(It’s worth noting that it’s somewhat disingenuous to use a 30-year mortgage example here, as the majority of manufactured homes are financed with shorter, personal property loans.)
Problems with the HUD Code theory of industry decline
The problem with the HUD Code theory of industry decline is that it doesn’t fit the evidence especially well.
For one, the HUD code didn’t regulate what was previously unregulated — nearly all states required mobile homes to meet their own local code requirements, largely based on A119.1 (the same standard that the HUD code was ultimately based on). Manufacturers had in fact advocated for a uniform nationwide mobile home code (though not necessarily a federal code, they weren’t necessarily thrilled with HUD oversight) to specifically prevent the problems that were occurring with multiple jurisdictional requirements. From “Building Tomorrow”:
…Although the codes were based on ANSI A119.1, they were not all the same. Some states adopted the ANSI code in whole, others, in part, and still others, with modifications and amendments.
These state by state variations prevented full interstate reciprocity and uniformity…multiple inspections of the same unit in-state, out-of-state, and on-site raised costs and damaged interstate marketing…individual inspectors interpreted and enforced the same code with different levels of strictness…Differing state requirements forced manufacturers to produce the same model under various structural and mechanical standards or else overdesign to the toughest specifications. Either alternative increased the cost of mobile homes. State-by-state approval of new materials and processes also raised costs and discouraged innovation.
It’s also hard to find evidence that the HUD Code caused any substantial cost increase. Dealers’ own estimates were that the HUD provisions only added on average about 4% to the cost per square foot for a typical singlewide (and this ignores any potential savings from the reduced insurance cost due to improved fire safety, or from reduced energy consumption).
If we look at average mobile home cost per square foot over time, it does rise, but a) it was rising prior to the introduction of the HUD code and b) it rose less than the cost of new site-built construction (and after 1978, rose less than inflation). As a fraction of the cost of conventional construction, mobile homes got cheaper following the HUD Code, not more expensive:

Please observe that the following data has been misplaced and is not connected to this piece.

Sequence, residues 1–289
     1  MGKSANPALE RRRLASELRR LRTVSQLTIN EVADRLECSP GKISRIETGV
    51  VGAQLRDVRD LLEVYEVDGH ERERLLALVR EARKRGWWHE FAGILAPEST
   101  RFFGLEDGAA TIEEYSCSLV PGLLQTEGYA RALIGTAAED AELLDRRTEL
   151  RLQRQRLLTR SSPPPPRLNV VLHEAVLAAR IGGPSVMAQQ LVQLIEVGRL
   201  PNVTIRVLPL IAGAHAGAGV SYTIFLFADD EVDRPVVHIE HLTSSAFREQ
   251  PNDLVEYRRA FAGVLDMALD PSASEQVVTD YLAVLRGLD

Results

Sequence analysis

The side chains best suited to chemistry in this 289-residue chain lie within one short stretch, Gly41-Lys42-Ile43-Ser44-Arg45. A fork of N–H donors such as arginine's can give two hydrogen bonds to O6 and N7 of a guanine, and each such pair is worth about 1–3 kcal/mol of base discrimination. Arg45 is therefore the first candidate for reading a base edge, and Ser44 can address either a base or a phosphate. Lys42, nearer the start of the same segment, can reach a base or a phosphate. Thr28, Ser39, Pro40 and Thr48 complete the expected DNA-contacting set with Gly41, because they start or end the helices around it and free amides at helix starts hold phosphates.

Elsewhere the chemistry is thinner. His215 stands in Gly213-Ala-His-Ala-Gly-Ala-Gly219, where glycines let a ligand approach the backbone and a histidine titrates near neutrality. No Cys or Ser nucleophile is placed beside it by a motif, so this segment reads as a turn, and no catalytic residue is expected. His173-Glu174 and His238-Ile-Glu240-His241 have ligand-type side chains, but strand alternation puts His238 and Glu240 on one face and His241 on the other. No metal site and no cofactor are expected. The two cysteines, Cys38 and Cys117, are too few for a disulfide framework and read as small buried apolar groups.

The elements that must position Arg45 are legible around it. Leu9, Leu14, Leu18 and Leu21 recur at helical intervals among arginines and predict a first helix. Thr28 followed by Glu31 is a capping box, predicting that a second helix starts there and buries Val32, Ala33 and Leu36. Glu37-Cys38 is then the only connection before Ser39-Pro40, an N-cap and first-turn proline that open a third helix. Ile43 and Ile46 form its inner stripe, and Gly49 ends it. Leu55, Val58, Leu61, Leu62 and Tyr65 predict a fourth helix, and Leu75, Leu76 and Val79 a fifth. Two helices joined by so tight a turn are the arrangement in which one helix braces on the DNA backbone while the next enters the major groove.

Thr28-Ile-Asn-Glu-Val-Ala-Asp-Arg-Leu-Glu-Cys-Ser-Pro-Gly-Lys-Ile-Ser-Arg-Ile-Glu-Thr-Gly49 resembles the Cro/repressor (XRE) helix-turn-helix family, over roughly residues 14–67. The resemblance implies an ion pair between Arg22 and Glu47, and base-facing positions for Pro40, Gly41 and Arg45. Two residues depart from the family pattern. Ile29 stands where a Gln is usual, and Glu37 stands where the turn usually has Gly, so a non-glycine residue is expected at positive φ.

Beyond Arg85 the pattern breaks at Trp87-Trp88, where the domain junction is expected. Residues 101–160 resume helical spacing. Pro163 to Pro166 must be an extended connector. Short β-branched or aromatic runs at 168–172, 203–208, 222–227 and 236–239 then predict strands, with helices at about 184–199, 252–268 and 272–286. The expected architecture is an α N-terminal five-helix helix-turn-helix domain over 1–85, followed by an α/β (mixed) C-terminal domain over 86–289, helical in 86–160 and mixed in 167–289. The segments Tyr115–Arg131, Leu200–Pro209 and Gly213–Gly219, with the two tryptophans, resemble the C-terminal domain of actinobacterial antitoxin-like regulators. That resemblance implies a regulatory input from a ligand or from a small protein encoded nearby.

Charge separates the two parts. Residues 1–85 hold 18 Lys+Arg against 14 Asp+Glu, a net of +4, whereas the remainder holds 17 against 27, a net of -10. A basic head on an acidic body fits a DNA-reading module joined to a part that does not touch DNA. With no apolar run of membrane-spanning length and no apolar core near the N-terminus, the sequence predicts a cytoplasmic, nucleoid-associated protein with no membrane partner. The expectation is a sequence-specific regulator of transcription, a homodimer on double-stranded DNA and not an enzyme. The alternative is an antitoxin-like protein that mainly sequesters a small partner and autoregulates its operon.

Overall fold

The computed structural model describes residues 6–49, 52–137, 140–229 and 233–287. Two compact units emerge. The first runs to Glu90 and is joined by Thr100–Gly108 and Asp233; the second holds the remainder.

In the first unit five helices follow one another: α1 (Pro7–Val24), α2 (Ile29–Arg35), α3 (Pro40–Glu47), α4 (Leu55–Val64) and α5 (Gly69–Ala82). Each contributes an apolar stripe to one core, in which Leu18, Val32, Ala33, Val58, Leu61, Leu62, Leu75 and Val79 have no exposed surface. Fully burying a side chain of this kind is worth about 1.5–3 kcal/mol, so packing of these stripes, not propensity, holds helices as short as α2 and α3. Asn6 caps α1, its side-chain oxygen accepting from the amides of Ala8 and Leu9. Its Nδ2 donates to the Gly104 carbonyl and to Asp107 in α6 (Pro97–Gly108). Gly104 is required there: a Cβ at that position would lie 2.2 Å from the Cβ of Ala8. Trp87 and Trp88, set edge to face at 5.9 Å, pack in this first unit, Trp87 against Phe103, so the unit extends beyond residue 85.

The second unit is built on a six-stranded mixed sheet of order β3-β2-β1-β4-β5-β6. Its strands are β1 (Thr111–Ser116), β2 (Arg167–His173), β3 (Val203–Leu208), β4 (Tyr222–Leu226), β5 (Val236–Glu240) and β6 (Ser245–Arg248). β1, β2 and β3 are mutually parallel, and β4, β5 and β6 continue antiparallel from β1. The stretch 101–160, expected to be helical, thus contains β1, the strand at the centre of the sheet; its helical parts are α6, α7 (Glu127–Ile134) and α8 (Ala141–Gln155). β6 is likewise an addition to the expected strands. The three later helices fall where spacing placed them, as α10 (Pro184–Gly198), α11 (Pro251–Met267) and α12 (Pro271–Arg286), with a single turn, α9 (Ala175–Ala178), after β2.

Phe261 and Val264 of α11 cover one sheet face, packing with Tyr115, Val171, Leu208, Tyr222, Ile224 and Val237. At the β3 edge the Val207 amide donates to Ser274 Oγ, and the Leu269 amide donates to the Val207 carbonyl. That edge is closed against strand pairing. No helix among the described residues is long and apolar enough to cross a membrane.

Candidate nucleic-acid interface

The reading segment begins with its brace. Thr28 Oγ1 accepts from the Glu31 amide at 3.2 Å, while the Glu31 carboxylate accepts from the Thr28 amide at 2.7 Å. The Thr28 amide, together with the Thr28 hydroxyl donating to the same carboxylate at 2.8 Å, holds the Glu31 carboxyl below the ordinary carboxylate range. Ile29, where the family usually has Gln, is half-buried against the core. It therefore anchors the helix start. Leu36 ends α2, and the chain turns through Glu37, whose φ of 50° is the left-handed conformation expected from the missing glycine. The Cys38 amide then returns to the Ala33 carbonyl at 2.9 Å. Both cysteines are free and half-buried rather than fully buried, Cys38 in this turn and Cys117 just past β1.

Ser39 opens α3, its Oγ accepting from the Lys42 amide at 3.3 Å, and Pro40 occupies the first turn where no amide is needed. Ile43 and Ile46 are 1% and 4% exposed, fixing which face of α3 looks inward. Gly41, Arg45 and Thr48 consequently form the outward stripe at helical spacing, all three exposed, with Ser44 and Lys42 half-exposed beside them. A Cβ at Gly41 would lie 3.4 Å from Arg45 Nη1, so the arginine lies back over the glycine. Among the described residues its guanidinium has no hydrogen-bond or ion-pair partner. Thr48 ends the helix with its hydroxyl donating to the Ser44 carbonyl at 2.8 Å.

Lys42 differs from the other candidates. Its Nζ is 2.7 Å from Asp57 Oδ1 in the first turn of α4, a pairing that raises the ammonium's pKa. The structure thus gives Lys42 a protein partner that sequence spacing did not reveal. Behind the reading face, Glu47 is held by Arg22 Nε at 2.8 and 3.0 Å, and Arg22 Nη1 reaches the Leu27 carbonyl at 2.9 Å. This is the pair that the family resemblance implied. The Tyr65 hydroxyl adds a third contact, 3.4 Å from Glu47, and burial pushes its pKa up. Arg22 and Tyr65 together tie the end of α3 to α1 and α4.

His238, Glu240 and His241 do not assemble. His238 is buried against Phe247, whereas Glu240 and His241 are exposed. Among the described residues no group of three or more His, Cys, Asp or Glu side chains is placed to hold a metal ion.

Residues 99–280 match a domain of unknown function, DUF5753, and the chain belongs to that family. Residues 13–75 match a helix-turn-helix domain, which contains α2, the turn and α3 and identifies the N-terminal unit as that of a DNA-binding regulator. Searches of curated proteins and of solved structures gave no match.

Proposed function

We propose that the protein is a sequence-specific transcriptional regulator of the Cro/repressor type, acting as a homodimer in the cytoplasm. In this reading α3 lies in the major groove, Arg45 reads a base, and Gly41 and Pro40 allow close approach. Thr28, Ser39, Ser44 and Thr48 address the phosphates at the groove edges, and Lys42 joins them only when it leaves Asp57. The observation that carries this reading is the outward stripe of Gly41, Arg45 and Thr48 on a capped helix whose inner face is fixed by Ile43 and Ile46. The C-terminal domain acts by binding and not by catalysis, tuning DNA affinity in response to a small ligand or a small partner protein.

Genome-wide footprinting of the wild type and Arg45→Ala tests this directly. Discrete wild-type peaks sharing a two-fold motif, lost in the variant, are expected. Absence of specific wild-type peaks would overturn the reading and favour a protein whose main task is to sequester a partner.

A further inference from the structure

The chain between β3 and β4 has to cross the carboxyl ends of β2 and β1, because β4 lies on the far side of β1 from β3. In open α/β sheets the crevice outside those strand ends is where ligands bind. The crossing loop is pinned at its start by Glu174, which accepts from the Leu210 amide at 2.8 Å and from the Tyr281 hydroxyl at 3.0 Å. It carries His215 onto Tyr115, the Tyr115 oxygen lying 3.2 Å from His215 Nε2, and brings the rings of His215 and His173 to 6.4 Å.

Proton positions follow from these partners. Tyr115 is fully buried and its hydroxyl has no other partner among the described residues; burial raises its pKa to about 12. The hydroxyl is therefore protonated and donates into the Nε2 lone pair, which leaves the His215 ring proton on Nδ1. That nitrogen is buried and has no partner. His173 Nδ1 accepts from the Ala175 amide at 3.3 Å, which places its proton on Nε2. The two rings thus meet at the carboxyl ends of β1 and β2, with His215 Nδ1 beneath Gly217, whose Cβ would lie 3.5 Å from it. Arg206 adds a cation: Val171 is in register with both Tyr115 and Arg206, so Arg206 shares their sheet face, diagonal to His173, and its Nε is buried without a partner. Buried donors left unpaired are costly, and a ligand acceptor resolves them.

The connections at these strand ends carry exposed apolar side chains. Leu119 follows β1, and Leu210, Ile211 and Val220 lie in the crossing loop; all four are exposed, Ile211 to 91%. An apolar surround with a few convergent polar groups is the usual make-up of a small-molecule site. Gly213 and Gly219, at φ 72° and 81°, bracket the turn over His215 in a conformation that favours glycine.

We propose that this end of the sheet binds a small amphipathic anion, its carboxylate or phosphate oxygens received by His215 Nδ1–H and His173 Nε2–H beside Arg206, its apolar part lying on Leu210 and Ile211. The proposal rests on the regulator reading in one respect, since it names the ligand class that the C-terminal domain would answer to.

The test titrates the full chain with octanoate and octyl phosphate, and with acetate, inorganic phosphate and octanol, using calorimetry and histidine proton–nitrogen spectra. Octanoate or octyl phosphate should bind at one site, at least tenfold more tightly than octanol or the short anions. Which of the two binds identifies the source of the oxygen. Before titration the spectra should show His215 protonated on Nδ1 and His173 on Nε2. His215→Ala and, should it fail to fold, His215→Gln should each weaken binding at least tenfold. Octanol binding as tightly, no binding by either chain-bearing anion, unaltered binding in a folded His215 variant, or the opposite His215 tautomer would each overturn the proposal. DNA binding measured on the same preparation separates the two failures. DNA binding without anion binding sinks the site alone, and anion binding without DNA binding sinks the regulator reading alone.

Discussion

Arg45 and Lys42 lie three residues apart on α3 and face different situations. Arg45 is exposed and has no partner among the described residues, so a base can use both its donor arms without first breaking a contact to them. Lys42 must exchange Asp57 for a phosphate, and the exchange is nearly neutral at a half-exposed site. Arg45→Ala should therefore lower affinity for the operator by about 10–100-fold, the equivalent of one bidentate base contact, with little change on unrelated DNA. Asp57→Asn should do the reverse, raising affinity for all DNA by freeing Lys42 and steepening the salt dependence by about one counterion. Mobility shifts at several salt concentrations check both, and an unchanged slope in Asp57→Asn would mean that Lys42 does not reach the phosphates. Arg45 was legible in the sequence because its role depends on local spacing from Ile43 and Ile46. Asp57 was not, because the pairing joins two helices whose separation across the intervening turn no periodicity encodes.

And mobile homes continued to take an increasing share of the low-end home market:
Regarding the chassis requirement as a mechanism to discriminate against mobile homes, this also doesn’t fit the data. As we’ve seen, mobile homes were subject to restrictive zoning practices long before the HUD Code (and its chassis requirement) was enacted:
In the early 1970s, 60% of communities excluded mobile homes from being sited on private lots, and a survey by the American Planners Association found that residents in 80% of communities wanted to exclude mobile homes. Metro areas often tried to prevent the construction of new mobile home parks, with cities such as Des Moine and Miami putting a moratorium on new park construction. The state of Illinois approved just 1 mobile home park between 1955 and 1975. Outside of parks, mobile homes were largely relegated to areas outside of cities where there were fewer zoning restrictions (75% of rural counties allowed mobile home placement on private lots, compared to just 31% within cities and 20% within suburbs). Where mobile homes were allowed, they were often restricted from being located in residential areas — 15% of communities only allowed mobile homes in areas zoned for commercial or industrial.
In fact, the passage of the HUD Code was followed by a significant decrease in restrictive zoning practices against mobile homes. Via Regulating Manufactured Housing:
In 1970, only 38% of communities surveyed by the American Planning Association permitted mobile homes on individual lots outside of parks. By 1985 that had risen to 60%.
In 1970, less than 1% of surveyed communities permitted mobile homes “by right” in residential districts (“by right” is when development can proceed without special review). By 1985, that had risen to 52%.
By 1989, 22 states had passed mobile home antidiscrimination laws. Today, over half of states require localities to allow manufactured homes somewhere in their jurisdiction.
There also doesn’t seem to be much of a dropoff in the creation of new mobile home parks. The number of mobile home parks increased from 24,000 in the early 1970s to over 50,000 by the late 1990s .